Battling the Elements, Client Lands 16.5" Crappie
Written by Doug Wynn - Published on June 3, 2021
Hey Y’all from the Excel Storm Cat. If we can ever get on the back side of all this flooding rain, we might get back to some good fishing.
Last Thursday found me on a rare afternoon guide trip. We tried to fish the main lake where I had found a concentration of sauger, but the 3-foot waves ran us back to the protection of the bays. We tried for some bluegills, but they weren’t having any of our offerings. I said guys, we are going to do what I do best. We’re pulling cranks. That’s what they were really wanting to do anyway.
Our first pass down a series of main lake points produced a hook-up that had every indication of a BIG crappie! When the fish broke the surface, we were all 3 amazed at the baseball-sized mouth. The fight lasted just a few seconds when the fish pulled loose. The unlucky fisherman said that was the biggest crappie I’ve ever hooked. I said we’ll give things a while to settle down and I’ll run that same track again.
We caught some nice fish, including a nearly 15-incher but they still weren’t the huge fish that we were all haunted by. After almost an hour, I said OK here we go. I lined the Storm Cat up on the earlier track on my Helix 12 GPS and we started back toward the waypoint where the first fish had hit.
As I passed the boat directly over the waypoint, we all hoped for a repeat of the first pass with a better ending. One of the 5 poles bent over from a heavy fish and the guy who had lost the earlier fish grabbed it. As he started reeling, I started coaching him to ease the fish to the top.
When it broke the surface, it appeared every bit as big as the one we had lost. He did a great job of reeling just fast enough to keep the fish from getting its head underwater so it could dive. I laid the Crappie Monster net on the surface and let him slowly reel the giant into the net. We have no way of knowing if the two fish were the same fish. We can always wonder.
When I brought the fish over the transom, he was ecstatic! He said that is the biggest crappie I’ve ever SEEN! Handshakes and high-fives all around as I unhooked the amazing fish. I laid it on my measuring board, and it was 16.5 inches long!
A true trophy in anybody’s book. The fish was recently spawned but still by far his personal best crappie. He said "that’s why we came down here from central Kentucky to fish Kentucky Lake with you!"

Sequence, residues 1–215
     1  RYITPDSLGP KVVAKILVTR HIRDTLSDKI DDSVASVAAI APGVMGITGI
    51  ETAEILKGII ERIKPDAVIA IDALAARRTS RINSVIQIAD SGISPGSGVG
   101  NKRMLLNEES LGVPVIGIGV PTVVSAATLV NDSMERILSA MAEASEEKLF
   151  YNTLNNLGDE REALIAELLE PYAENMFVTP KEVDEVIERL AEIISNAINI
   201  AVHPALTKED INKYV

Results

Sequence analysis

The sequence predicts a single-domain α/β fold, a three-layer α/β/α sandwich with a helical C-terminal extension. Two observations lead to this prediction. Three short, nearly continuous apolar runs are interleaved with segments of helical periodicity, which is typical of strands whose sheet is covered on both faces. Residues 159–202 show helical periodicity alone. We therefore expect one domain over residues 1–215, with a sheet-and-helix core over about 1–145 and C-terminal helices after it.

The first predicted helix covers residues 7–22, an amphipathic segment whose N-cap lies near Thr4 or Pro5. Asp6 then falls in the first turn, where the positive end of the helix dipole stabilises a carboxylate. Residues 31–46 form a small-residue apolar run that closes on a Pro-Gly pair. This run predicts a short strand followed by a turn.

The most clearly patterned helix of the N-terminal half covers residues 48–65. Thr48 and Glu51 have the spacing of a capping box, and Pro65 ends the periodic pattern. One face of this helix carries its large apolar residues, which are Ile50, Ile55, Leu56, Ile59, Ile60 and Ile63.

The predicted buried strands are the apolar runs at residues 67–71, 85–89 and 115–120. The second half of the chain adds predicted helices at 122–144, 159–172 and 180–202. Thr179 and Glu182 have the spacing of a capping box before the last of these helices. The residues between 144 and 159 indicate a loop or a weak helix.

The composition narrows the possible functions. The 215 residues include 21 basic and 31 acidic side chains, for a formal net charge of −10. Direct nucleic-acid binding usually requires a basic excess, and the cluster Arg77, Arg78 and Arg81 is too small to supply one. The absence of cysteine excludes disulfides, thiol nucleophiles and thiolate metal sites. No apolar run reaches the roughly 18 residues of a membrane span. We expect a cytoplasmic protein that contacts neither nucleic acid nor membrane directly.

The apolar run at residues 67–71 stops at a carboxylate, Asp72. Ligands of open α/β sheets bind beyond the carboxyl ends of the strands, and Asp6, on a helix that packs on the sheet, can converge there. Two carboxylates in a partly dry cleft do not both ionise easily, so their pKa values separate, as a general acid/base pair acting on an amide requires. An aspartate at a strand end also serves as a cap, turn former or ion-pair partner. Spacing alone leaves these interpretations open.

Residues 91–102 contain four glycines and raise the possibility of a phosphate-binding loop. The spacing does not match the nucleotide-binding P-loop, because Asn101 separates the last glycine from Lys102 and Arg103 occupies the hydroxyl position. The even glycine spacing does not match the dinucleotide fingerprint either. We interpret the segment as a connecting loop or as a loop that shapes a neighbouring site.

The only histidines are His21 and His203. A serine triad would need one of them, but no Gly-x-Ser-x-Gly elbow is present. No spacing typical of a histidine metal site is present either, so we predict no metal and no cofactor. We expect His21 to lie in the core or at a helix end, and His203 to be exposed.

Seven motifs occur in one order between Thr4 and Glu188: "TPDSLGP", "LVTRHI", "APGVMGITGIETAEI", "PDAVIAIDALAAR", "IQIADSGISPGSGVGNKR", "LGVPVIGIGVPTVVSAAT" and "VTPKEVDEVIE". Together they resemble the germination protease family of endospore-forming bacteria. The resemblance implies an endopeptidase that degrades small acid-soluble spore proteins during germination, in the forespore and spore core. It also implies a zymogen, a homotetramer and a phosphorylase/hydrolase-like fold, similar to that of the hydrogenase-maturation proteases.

From the glorious weather of Thursday came the disastrous weather of Saturday and to a lesser extent Sunday. At least we had sunshine Sunday to go with the extreme Northeast winds. The all-day rain Saturday made my decision to buy the custom top for the Storm Cat a wise choice.
I had always figured it will be great in those 90-degree temperature of mid-summer. I didn’t know how much it would be appreciated in all the rain of this spring. Saturday’s rain saw us catch a mixed bag of bass, crappie, catfish, sauger and white bass trolling Pico INT cranks. We also broke out the catfish tackle, bobbers, and nightcrawlers for most of the catfish.
The 3- and 4-foot rollers meant we were very limited in our places to fish. Sunday early found us across the lake, searching some of my normal catfish areas with zero results. We threw everything at them with no takers. The nice ride across the lake turned into a rough ride coming back.
I was fortunate enough to have the Monday holiday off. I heard from others the boat traffic Monday was a fraction of the traffic of Sunday. I saw all of it I wanted to see Sunday! It never ceases to amaze me how considerate folks can be on the bank or on the dock then how INCONSIDERATE they are when they get at the controls of a boat. I’ll leave it at that.
Tuesday saw the return of showers, but we were lucky enough to find some decent crappie. Hopefully we will see the beginning of some stable weather and the fish can ease into their summertime patterns. It seems the fish are more predictable in summer and the number of fishermen chasing said fish are less.
Yes, we must contend with recreational traffic but by picking early start times and staying away from weekends, fishing can be much more enjoyable. You might consider starting your fishing trip as the evening sun starts to get lower in the sky. I’ve had many great trips that saw me load the boat back onto the trailer at dark.
Justin and I will be fishing the West TN Crappie Trail tourney Saturday out of the Dyers Point Recreational Area near Dover. We will have a cameraman from Excel Boats with us, filming all aspects of a crappie tournament and hopefully a fun day on Lake Barkley. I’ll keep you posted where the videos can be found once they are released.
Saturday morning when I pulled into Sportsman’s Marina very early, I was met by dozens of flashing red lights from several fire trucks and fire boats. Seems there were several large boats at Sportsman’s involved in a fire that destroyed some and damaged the largest dock slips. We can all be thankful for all the hard work of our local fire departments and their quick response to what might have been an even more disastrous fire at the start of the holiday weekend. Their hard work often goes unnoticed and unpraised.
We are in the beginning of the summertime boating season and most kids are out of school. Vacations are starting. On that note, Miss Vicki and I are sneaking off late next week for a few days to ourselves. We are heading to Grenada Lake, Mississippi. (You didn’t think we were going to Vegas or Disney did you?)
Vicki has heard me gush for years about the wonderful fishing and the nice people of Grenada. She will get to see first-hand and now that she’s an old pro on the Storm Cat, she should be in for some serious crank bait action. I just drive the boat and clean the fish.
Be careful out there. Please wear your PFDs. Watch out for those who won’t watch out for you. Help those who need help. Next trip that might be you.
Welcome to our slice of Heaven.